This is a companion case to Helvering v. Horst, ante, p. 112, and presents issues not distinguishable from those in that case.
Respondent, a general life insurance agent, after the termination of his agency contracts and services as agent, made assignments in 1924 and 1928 respectively of renewal commissions to become payable to him for services which had been rendered in writing policies of insurance under two of his agency contracts. The Commissioner assessed the renewal commissions paid by the companies to the assignees in 1933 as income taxable to the assignor in that year under the provisions of the 1932 Revenue Act, 47 Stat. 169, § 22 of which does not differ in any respect now material from § 22 of the 1934 Revenue Act involved in the Horst case. The Court of Appeals for the Second Circuit reversed the order of the Board of Tax Appeals sustaining the assessment. 110 F.2d 737; 39 B.T.A. 583. We granted certiorari October 14, 1940.
No purpose of the assignments appears other than to confer on the assignees the power to collect the commissions,
For the reasons stated at length in the opinion in the Horst case, we hold that the commissions were taxable as income of the assignor in the year when paid. The judgment below is
The separate opinion of MR. JUSTICE McREYNOLDS.
The cause was decided upon stipulated facts. The following statement taken from the court's opinion discloses the issues.
"The question presented is whether renewal commissions payable to a general agent of a life insurance company after the termination of his agency and by him assigned prior to the taxable year, must be included in his income despite the assignment.
"During part of the year 1924 the petitioner was employed by the Canada Life Assurance Company as its branch manager for the state of Michigan. His compensation consisted of a salary plus certain commissions. His employment terminated on September 1, 1924. Under the terms of his contract he was entitled to renewal commissions on premiums thereafter collected by the company on policies written prior to the termination of his agency, without the obligation to perform any further services. In November 1924 he assigned his right, title, and interest in the contract as well as the renewal commissions to a corporate trustee. From September 1, 1924 to June 30, 1927, the petitioner and another, constituting the firm of Hart & Eubank, were general agents in New York City for the Aetna Life Assurance Company,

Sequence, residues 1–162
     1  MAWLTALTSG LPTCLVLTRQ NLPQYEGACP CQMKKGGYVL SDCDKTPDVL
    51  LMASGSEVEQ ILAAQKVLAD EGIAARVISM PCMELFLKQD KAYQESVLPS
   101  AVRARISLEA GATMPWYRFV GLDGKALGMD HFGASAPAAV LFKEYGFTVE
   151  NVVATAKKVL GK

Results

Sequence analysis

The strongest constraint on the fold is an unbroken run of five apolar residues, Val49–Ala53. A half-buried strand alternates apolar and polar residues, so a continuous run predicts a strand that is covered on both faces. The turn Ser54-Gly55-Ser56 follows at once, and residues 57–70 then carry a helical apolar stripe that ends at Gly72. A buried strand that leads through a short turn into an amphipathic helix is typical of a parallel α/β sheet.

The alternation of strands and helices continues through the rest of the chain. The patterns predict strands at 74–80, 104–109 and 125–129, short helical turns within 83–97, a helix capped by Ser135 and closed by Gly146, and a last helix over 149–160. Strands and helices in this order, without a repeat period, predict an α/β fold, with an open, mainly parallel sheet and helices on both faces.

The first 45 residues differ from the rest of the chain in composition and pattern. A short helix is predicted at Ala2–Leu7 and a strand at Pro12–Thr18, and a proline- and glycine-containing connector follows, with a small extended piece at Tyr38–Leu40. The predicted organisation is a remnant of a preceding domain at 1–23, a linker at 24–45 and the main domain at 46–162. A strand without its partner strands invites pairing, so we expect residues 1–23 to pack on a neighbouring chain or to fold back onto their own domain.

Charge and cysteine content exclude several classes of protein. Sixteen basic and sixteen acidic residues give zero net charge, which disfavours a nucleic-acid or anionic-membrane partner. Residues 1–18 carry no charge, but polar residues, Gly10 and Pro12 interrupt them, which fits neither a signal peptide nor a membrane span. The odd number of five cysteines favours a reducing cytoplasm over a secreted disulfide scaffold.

The court below declared —
"In the case at bar the petitioner owned a right to receive money for past services; no further services were required. Such a right is assignable. At the time of assignment there was nothing contingent in the petitioner's right, although the amount collectible in future years was still uncertain and contingent. But this may be equally true where the assignment transfers a right to income from investments, as in Blair v. Commissioner, 300 U.S. 5, and Horst v. Commissioner, 107 F.2d 906 (C.C.A. 2), or a right to patent royalties, as in Nelson v. Ferguson, 56 F.2d 121 (C.C.A. 3), certiorari denied, 286 U.S. 565. By an assignment of future earnings a taxpayer may not escape taxation upon his compensation in the year when he earns it. But when a taxpayer who makes his income tax return on a cash basis assigns a right to money payable in the future for work already performed, we believe that he transfers a property right, and the money, when received by the assignee, is not income taxable to the assignor."
Accordingly, the Board of Tax Appeals was reversed; and this, I think, is in accord with the statute and our opinions.
A mere right to collect future payments, for services already performed, is not presently taxable as "income derived" from such services. It is property which may be assigned. Whatever the assignor receives as consideration may be his income; but the statute does not undertake to impose liability upon him because of payments to another under a contract which he had transferred in good faith, under circumstances like those here disclosed.
As in Helvering v. Horst, just decided, the petitioner relies upon opinions here; but obviously they arose upon facts essentially different from those now presented. They do not support his contention. The general principles approved in Blair v. Commissioner, 300 U.S. 5, and applied in Helvering v. Horst, are controlling and call for affirmation of the judgment under review.
The CHIEF JUSTICE and MR. JUSTICE ROBERTS concur in this opinion.